St John of the Cross is famous for a lot but primarily for his work The Dark Night of the Soul. The title by itself brings forth thoughts and images. It describes the work of God upon the soul – not through joy and light, but through sorrow and darkness. The concept of the “dark night” has for many been an integral part of their spiritual journey.
St John says, “At a certain point in the spiritual journey God will draw a person from the beginning stage to a more advanced stage…. Such soul will likely experience what is called ‘ the dark night of the soul.’ …. This happens because God wants to purify them and move them on to greater heights.”
One analogy to the “dark night” is a champion athlete going into a slump before he reaches greatness. He/she starts to miss shots, putts, or open receivers. What came naturally all of a sudden seems forced, and the more the athlete tries the deeper the slump. He/she feels like they are in a downward spiral and he/she grasps for advice to no avail. If you can’t comprehend this analogy think of the writer or painter who stares at a blank piece of paper or canvas, nothing helps.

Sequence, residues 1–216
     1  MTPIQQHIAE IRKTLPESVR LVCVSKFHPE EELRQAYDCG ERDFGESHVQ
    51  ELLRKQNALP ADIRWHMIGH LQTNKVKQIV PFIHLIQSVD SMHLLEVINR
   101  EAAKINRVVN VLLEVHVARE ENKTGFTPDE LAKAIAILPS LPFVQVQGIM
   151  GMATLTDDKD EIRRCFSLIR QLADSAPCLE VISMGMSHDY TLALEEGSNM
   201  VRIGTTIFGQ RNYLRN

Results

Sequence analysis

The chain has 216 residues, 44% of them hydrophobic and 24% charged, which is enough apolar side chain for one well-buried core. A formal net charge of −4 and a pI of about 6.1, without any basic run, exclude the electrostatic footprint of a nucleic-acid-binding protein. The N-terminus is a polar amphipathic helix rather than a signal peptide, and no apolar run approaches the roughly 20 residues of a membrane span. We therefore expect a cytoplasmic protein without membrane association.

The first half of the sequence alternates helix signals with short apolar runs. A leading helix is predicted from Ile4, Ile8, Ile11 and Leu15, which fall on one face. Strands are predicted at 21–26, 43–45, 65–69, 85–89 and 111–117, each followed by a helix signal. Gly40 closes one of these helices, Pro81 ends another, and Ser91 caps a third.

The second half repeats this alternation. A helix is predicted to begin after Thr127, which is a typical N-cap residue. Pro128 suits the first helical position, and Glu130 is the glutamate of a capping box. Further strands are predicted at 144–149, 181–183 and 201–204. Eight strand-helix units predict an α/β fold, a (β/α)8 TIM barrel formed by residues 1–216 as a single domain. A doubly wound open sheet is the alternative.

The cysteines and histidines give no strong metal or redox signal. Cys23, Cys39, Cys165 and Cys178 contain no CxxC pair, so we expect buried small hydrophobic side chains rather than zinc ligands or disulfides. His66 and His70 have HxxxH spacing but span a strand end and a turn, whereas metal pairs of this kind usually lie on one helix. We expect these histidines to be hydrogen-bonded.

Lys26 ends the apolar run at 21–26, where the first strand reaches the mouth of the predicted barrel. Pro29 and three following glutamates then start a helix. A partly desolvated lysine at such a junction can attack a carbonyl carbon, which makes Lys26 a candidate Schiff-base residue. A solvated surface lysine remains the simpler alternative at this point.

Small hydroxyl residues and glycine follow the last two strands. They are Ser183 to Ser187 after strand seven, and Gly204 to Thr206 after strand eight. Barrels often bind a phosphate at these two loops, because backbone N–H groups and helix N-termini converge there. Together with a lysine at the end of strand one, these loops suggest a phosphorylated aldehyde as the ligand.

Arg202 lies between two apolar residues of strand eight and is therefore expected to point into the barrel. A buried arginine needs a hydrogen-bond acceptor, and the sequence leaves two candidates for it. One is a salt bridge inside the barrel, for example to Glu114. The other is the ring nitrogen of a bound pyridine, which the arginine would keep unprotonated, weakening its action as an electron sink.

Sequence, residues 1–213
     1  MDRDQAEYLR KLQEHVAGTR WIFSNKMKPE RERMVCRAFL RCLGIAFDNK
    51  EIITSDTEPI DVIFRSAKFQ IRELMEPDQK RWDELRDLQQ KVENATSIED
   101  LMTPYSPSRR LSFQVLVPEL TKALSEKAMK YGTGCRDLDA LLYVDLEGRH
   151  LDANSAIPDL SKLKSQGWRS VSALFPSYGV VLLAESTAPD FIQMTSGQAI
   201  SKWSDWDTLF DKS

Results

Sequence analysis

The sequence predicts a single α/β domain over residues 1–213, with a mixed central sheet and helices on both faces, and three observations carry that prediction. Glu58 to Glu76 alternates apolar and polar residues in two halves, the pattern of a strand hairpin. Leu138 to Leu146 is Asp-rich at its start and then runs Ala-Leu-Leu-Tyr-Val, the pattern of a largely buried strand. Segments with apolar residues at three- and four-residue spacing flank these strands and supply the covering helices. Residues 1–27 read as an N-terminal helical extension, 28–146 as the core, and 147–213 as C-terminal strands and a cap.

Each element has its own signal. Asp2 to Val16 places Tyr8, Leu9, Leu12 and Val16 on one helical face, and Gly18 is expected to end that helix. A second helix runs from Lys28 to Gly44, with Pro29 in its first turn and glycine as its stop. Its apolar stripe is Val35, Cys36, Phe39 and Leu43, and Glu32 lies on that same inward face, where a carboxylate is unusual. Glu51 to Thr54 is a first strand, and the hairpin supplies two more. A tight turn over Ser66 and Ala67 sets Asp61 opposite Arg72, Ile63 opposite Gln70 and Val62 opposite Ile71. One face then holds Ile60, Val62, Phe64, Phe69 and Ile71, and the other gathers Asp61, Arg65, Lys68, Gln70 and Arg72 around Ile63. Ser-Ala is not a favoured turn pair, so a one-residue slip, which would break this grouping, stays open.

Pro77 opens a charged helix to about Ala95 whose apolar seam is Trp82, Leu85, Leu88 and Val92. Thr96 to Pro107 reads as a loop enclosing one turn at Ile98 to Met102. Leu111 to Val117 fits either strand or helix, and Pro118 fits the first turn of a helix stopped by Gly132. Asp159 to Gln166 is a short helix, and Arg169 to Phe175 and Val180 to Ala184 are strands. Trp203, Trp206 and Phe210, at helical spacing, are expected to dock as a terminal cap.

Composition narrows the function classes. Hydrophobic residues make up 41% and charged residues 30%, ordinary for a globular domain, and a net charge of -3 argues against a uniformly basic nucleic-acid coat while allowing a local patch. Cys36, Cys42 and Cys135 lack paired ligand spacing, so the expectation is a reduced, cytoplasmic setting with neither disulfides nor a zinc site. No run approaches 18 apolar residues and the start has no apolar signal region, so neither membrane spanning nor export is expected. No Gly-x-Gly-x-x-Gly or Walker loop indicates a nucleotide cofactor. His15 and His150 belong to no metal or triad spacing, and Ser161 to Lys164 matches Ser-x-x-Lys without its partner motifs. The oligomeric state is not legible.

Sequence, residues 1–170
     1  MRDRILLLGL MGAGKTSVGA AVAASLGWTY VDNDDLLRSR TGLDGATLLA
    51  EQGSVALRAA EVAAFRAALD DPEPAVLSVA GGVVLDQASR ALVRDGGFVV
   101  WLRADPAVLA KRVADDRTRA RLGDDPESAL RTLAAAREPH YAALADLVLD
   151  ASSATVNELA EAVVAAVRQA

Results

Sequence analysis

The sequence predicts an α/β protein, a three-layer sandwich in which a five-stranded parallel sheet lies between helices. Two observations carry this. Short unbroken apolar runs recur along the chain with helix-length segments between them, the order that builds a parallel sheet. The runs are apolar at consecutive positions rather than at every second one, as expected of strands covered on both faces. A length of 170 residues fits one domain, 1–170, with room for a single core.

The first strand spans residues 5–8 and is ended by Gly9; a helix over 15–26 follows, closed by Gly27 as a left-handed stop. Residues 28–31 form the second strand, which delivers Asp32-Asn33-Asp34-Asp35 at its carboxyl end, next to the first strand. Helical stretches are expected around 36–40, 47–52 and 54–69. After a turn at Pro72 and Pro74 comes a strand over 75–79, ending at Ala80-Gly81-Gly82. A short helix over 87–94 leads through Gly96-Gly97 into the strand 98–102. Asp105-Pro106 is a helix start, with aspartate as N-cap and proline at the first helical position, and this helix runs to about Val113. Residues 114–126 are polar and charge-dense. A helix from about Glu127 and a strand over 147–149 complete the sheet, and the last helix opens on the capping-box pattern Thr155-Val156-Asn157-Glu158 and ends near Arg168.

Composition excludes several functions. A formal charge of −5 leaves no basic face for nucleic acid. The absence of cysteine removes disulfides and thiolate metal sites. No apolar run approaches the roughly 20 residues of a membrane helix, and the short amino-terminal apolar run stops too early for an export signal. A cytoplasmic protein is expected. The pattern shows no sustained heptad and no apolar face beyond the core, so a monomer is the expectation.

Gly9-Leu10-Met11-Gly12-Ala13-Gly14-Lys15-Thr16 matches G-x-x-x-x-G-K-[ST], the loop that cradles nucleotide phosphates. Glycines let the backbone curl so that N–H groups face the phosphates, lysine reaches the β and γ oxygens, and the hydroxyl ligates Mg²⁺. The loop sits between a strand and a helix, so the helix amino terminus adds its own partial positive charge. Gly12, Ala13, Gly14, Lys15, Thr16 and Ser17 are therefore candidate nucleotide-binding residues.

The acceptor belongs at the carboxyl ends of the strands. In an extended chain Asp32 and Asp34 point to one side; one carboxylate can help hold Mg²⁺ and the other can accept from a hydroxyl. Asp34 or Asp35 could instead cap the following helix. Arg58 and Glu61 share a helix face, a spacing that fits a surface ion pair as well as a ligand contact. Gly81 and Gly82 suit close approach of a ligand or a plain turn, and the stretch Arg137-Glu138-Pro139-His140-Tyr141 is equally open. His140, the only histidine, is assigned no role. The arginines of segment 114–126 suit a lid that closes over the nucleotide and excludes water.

Often, to come out of the slump a great athlete may seek out an old coach, who often counsels the athlete to go back in time when he enjoyed the game or sport. Another method is to walk away for a week or two, if possible, from the game and relax and find joy in other aspects of one’s life. Most importantly, a coach counsels to not fret over the “slump” but recognize that it part of the maturation process. The slump will eventually go away and to be grateful for all the happiness the sport brings.
In our spiritual journey, we should follow the athletes lead. When experiencing a “dark night” or a “spiritual slump” seek out a friend who can help you remember the joy you once had. Back away or change-up your spiritual disciplines for a week. Finally be patient with God. Get out of the way by trying to control your own spiritual journey and let God give us what he wants us to have, no more no less.